A World Economic Forum piece penned by Kerri Reynolds in February 2021 reported that the pandemic compelled organisations to invest more heavily in automation through AI to expedite remote working, enhance the user and customer experience, and decrease costs.

“Today, in a post-COVID world, generative AI (a technology that can generate realistic images, audio, and text) is attracting a lot of concern because of its rapid pace. It’s moving too fast for most people to feel comfortable with,” he explains. 

There’s also the issue of the ethical implications of AI technology. On this topic, Ying Shaowei is unwavering in his certainty. “AI cannot be taught ethics in the same way as humans,” he emphasises. In fact, Ying says that AI can and should be considered an entirely new species, given that it lacks the same knowledge model of the world that humans possess.

“Large language models are simply prediction engines based on input data,” he explains. “In contrast, humans don’t require as much data to learn and understand concepts such as distinguishing a cat from a dog.”

The point here, Ying emphasises, is that we need to recognise that AI has a different learning process than humans and sets explicit boundaries and governance to ensure ethical use.

“Southeast Asia will probably always be playing catch-up to the western world due to the rapid advances in AI. It’s already happening.”

Ying Shaowei on a new digital divide

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A new unavoidable divide

Ying Shaowei, chief scientist of NCS.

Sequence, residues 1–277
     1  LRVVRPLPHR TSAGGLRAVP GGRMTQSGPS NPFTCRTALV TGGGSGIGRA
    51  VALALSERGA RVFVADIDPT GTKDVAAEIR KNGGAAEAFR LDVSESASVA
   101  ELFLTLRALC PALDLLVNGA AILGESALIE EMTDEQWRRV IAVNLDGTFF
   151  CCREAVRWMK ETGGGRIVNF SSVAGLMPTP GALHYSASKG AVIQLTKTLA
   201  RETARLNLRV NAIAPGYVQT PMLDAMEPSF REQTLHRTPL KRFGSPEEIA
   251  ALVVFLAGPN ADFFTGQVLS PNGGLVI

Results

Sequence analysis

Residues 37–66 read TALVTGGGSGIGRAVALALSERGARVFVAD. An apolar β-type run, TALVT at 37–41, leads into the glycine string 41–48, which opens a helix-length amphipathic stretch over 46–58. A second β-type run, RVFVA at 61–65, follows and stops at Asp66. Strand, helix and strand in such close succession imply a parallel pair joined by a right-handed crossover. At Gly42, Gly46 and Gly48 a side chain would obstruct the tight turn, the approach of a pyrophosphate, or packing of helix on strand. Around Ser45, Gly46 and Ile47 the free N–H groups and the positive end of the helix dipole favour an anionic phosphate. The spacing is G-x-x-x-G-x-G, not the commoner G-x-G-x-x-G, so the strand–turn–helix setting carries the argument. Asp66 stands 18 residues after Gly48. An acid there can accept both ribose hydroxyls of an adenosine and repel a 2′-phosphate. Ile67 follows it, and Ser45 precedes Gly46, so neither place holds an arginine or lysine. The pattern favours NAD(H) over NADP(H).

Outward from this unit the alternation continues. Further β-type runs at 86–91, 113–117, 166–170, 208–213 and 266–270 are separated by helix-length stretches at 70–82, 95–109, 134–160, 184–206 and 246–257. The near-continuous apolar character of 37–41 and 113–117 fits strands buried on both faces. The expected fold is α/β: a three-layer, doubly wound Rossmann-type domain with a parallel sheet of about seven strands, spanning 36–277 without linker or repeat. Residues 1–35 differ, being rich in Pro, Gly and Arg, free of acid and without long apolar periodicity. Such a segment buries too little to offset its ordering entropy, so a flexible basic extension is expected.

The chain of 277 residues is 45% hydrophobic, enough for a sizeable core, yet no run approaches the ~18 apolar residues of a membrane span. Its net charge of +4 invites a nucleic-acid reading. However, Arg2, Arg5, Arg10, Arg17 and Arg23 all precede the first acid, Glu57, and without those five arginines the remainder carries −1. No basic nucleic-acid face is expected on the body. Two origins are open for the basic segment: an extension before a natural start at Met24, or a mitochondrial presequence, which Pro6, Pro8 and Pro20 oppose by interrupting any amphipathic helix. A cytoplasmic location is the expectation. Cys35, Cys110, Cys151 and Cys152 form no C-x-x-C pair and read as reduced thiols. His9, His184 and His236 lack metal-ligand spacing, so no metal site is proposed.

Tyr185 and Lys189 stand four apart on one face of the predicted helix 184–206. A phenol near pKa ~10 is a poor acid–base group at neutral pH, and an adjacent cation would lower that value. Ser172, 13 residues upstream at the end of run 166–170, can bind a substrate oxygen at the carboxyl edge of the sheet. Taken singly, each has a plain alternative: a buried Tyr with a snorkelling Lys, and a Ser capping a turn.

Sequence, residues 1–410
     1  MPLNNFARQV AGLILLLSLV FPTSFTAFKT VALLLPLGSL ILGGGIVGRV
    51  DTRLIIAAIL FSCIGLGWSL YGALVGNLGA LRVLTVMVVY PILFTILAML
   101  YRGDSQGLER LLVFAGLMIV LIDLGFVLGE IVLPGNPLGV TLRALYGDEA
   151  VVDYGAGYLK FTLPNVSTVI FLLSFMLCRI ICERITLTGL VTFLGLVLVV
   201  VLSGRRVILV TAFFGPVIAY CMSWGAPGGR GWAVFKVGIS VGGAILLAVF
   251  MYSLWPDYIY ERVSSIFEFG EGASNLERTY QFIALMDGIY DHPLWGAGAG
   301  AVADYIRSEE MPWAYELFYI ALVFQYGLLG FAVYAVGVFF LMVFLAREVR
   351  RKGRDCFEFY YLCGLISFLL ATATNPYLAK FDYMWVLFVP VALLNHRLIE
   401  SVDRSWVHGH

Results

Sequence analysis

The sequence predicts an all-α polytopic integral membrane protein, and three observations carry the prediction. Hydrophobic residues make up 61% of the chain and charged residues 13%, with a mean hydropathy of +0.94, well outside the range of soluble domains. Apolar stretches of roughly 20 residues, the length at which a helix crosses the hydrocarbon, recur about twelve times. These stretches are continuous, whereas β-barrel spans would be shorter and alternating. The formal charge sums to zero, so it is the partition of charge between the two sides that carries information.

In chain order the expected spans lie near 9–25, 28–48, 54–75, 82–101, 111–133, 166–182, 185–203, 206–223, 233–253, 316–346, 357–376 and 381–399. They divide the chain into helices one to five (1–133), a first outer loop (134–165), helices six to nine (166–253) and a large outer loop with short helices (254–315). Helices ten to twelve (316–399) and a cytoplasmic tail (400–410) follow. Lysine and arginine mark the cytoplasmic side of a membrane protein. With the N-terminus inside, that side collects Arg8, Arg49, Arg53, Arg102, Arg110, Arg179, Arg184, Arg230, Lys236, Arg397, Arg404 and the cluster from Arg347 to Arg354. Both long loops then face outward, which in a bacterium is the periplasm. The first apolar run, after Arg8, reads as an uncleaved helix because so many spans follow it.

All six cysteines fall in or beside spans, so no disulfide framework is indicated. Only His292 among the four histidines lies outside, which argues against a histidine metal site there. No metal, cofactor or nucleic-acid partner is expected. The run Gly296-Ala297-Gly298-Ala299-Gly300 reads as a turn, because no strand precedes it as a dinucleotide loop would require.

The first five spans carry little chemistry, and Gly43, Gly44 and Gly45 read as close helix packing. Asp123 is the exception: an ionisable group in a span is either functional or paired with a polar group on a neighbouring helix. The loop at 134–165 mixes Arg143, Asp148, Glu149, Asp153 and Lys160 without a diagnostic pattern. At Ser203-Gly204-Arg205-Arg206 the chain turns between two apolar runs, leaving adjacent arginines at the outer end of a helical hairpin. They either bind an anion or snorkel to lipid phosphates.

Beyond the breathless pace of change, it is worth examining how AI further deepens the rift between the mature and homogenous markets of Europe and North America and the developing region of Southeast Asia. 

At the heart of the problem: language. “ChatGPT, a large language model, is trained in English — but less than five per cent of the world’s population uses English as their first language.”

And while efforts are underway to indigenise large language models — such as building localised foundation models — Ying reminds me that not all translation engines effectively capture cultural nuances, phrases, or words unique to a particular language. This, he worries, would create a new kind of digital divide. 

“Southeast Asia will probably always be playing catch-up to the Western world due to the rapid advances in AI. It’s already happening,” Ying tells me with nary a hesitation. 

“It’s no longer a digital divide — it’s an AI divide. Countries with access to advanced chips and processes will continue to forge ahead and build even bigger leaps over the rest of the world.”

A potential equaliser

The future, if Ying is to be believed, looks grim. Still, by his own admission, Ying wrote in a Business Times piece that ‘AI is underutilised and brimming with untapped potential, especially when it’s projected to uplift 10 to 18 per cent of the region’s gross domestic product by 2030’.

“That’s an equivalent of US$1 trillion (S$1.3 trillion) in economic value,” he adds. Surely that’s motivation enough to swiftly narrow the divide. Ying is hopeful, but he tells me it’s not that simple. “There are two opposing forces at play here,” he elaborates. 

“On one hand, people with access to advanced AI technologies will continue to advance their capabilities. Conversely, the open-source movement is making smaller versions of language models available to communities with fewer resources.”

And while these pruned-down models may not be as powerful as their larger counterparts, Ying is quick to elaborate that they can level the playing field and provide access to AI for those with less. 

Still, despite all the potential pitfalls, inequality, and growing divide that AI may potentially bring, Ying has faith in the human spirit of innovation. It is, in fact, the one thing that gives him hope. 

“We have innovated ourselves out of the pandemic, and we are now facing an unprecedented rate of innovation that potentially would disrupt us,” Ying reminds me. He is unshakeable in his belief that we humans can further innovate to save ourselves from the negative consequences of our past innovations.

“Don’t discount the ability of the human mind and the human spirit to adapt — that’s what defines us as a human race.”